WASHINGTON (AP) - The Bush administration is considering lowering the federal terrorism alert level, government officials said Friday.
The officials, who spoke on condition of anonymity, said a review of intelligence regarding terrorist threats is under way to determine if the level should be reduced from orange to yellow.
Orange indicates a high risk of terrorist attack, while yellow is elevated. It's the middle level on a five-color scale. The lowest two levels, green and blue, and the highest, red, have not been used since the system was adopted in March 2002.
The alert level was raised on May 20 after terrorists believed linked to al-Qaida struck in Saudi Arabia and Morocco. Seventy-five people were killed, including eight Americans.
Homeland Security Secretary Tom Ridge said it was feared the incidents could mark the beginning of a wave of worldwide attacks that could include U.S. targets.
With the alert, government authorities and businesses stepped up security, particularly at large gatherings over the Memorial Day weekend. Lowering the alert level would allow authorities to scale back some security measures, a move favored by many local governments struggling with budget shortfalls.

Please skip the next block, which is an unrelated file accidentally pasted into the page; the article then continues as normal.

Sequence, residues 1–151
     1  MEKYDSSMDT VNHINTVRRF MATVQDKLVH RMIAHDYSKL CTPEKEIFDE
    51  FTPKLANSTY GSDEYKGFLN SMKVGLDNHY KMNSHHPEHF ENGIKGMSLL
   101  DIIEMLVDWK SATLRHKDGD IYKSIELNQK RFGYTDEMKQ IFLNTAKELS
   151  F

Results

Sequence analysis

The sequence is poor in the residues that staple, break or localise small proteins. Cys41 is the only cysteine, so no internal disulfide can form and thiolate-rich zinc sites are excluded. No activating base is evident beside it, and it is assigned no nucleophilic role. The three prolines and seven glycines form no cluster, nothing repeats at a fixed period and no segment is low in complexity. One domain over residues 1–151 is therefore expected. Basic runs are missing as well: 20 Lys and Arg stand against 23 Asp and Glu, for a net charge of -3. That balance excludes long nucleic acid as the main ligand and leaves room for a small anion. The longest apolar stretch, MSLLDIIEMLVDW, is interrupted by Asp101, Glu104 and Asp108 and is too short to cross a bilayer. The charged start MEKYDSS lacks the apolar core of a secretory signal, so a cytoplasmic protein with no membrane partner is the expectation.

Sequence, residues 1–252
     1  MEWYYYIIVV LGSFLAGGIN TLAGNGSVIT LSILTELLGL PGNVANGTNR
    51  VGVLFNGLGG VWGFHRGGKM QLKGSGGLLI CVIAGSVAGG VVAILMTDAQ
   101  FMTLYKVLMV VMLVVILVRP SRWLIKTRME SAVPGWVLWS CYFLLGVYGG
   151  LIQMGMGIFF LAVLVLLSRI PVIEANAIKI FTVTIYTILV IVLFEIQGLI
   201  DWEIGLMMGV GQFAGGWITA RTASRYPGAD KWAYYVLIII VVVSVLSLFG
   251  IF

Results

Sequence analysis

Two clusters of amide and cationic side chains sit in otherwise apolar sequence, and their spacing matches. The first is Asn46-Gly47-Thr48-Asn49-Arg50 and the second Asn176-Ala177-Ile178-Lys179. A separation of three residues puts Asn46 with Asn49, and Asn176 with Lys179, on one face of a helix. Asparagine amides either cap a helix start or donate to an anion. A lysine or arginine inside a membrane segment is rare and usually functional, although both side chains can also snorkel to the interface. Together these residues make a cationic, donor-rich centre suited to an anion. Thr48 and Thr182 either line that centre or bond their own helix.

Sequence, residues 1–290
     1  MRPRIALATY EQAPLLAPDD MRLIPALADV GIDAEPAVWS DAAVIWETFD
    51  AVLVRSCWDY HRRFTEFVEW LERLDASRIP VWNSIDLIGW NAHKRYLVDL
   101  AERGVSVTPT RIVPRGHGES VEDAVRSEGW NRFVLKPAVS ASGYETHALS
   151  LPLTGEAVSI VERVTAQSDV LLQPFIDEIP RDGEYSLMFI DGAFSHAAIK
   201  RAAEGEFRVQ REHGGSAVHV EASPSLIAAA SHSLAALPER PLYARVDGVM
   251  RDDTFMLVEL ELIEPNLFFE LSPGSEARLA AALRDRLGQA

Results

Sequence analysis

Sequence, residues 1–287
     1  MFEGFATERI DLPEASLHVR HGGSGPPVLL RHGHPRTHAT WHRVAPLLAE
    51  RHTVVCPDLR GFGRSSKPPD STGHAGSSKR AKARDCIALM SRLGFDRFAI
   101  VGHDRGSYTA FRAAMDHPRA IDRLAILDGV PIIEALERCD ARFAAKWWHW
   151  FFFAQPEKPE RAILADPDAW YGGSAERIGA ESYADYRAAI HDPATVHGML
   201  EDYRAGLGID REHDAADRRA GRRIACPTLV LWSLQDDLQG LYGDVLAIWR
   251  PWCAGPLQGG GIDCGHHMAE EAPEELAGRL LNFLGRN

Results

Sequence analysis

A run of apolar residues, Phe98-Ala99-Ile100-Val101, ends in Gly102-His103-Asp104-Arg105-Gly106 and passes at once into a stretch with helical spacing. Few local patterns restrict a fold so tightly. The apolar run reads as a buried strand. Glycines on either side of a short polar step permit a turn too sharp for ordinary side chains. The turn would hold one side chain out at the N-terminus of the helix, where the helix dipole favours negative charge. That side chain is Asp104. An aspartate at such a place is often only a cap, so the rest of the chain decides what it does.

The terror alert has been at orange four times since the system was put in place. No domestic attacks have occurred during any of the alerts, which Homeland Security officials believe serve to deter would-be terrorists from striking.
Previous alerts lasted roughly a month.
U.S. officials suspect al-Qaida's top leaders coordinated the Morocco and Saudi Arabia attacks to demonstrate al-Qaida still is viable.
Many of those leaders are believed to be in Iran, although Osama bin Laden is thought to be in the remote border region between Afghanistan and Pakistan. Their activities, along with information gleaned from prisoner interrogations and intercepted communications, played a key role in raising the alert, U.S. counterterrorism officials said.
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